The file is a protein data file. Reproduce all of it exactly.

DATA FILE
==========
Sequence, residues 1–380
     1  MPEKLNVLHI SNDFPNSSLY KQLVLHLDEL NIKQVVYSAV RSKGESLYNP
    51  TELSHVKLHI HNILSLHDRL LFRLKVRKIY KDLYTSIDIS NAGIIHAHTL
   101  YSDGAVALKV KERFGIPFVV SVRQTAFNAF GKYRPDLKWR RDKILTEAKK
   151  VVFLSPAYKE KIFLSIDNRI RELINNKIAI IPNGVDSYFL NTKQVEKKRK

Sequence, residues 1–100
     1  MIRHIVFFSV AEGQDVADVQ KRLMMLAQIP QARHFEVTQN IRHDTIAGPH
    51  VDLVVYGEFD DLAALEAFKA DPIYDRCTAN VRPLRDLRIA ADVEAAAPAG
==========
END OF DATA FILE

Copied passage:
Sequence, residues 1–380
     1  MPEKLNVLHI SNDFPNSSLY KQLVLHLDEL NIKQVVYSAV RSKGESLYNP
    51  TELSHVKLHI HNILSLHDRL LFRLKVRKIY KDLYTSIDIS NAGIIHAHTL
   101  YSDGAVALKV KERFGIPFVV SVRQTAFNAF GKYRPDLKWR RDKILTEAKK
   151  VVFLSPAYKE KIFLSIDNRI RELINNKIAI IPNGVDSYFL NTKQVEKKRK

Sequence, residues 1–100
     1  MIRHIVFFSV AEGQDVADVQ KRLMMLAQIP QARHFEVTQN IRHDTIAGPH
    51  VDLVVYGEFD DLAALEAFKA DPIYDRCTAN VRPLRDLRIA ADVEAAAPAG